The timing and order in which these changes occurred is unknown. The new look helps fill the gap.

His remains were recovered from a prehistoric animal cemetery in southern Brazil.

The fossilized bones belonged to a dinosaur that was about seven feet long.

Dr Müller said: “This find provides new insights into what happened to dinosaur skeletons as they got bigger.

The fossilized bones belonged to a dinosaur that was about seven feet long.

The fossilized bones belonged to a dinosaur that was about seven feet long.

His neck would have helped him get more food from ferns and gymnosperms, colorless plants that produce cones and seeds (artist's impression).

His neck would have helped him get more food from ferns and gymnosperms, colorless plants that produce cones and seeds (artist’s impression).

The animal, described in the Journal of Vertebrate Paleontology, has yet to be given a name.

Dr Muller said: “This is one of the oldest ancestors of Diplodocus and Brontosaurus.”

His neck would help him get more food from ferns and gymnosperms, colorless plants that produce cones and seeds.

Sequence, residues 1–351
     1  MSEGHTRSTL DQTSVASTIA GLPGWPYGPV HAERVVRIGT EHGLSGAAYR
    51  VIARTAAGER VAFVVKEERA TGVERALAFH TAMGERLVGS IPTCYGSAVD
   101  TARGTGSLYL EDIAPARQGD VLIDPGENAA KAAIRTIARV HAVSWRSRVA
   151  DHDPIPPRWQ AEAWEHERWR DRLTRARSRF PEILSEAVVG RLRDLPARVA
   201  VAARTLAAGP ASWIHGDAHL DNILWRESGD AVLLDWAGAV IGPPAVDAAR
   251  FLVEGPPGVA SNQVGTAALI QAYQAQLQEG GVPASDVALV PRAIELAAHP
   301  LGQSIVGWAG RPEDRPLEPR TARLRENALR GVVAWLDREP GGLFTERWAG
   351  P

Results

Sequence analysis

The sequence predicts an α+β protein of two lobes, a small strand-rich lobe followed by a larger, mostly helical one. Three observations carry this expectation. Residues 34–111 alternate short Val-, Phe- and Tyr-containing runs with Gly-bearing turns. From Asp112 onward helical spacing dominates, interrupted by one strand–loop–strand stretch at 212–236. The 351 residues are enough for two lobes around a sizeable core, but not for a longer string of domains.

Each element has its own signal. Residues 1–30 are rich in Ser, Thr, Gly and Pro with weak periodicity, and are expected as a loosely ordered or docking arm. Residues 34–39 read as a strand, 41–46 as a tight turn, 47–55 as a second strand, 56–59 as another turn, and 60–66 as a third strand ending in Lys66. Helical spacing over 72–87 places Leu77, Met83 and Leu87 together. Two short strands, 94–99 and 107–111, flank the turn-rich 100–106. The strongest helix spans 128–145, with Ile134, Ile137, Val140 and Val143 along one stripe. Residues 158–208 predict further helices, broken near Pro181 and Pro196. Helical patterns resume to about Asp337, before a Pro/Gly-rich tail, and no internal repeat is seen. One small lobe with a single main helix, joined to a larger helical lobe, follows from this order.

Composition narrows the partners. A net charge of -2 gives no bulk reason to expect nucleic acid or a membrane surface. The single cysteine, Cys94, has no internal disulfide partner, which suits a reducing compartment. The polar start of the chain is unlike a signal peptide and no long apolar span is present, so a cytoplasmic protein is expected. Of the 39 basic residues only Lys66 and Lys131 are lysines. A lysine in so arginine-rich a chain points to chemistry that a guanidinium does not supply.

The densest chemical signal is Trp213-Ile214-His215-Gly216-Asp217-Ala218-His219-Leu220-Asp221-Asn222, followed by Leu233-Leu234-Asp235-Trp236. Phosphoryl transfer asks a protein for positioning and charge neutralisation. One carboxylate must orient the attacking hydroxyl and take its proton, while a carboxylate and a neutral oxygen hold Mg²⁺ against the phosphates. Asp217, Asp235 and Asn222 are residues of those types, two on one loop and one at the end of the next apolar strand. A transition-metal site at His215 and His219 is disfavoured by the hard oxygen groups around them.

Dr Müller said: “The animal had predators, including mammalian precursors the size of a wolf and primitive crocodiles called pseudosuchians.”

It also shared the landscape with other large vertebrates such as fanged reptiles known as dicynodonts.

The dinosaur lived in the Upper Triassic, when South America was still part of the Pangea supercontinent.

It is believed that Argentinosaurus was the largest sauropod of all. It was almost the size of a blue whale.

According to experts, in one day it was necessary to eat 100,000 calories – 40 times more than the average person.

SAUROPODS: DINOSAURS WITH LONG NECKS AND SMALL BRAIN

Sauropods were the first successful group of herbivorous dinosaurs, dominating most terrestrial ecosystems for over 140 million years, from the Late Triassic to the Late Cretaceous.

They had long necks and tails and relatively small skulls and brains.

They stretched up to 130 feet (40 meters) and weighed up to 80 tons (80,000 kg) – 14 times the weight of an African elephant.

Sauropods were the first successful group of herbivorous dinosaurs, dominating most terrestrial ecosystems for over 140 million years, from the Late Triassic to the Late Cretaceous.

Sauropods were the first successful group of herbivorous dinosaurs, dominating most terrestrial ecosystems for over 140 million years, from the Late Triassic to the Late Cretaceous.

They were widespread – their remains have been found on every continent except Antarctica.

They had nostrils high on their skulls rather than at the end of their snout like many other land vertebrates.

Some fossils show that these nostril holes were located so high in the skull that they were very close to the eye holes.

Sauropods such as diplodocus began diversifying in the Middle Jurassic around 180 million years ago.

Source: UCLA Museum of Paleontology.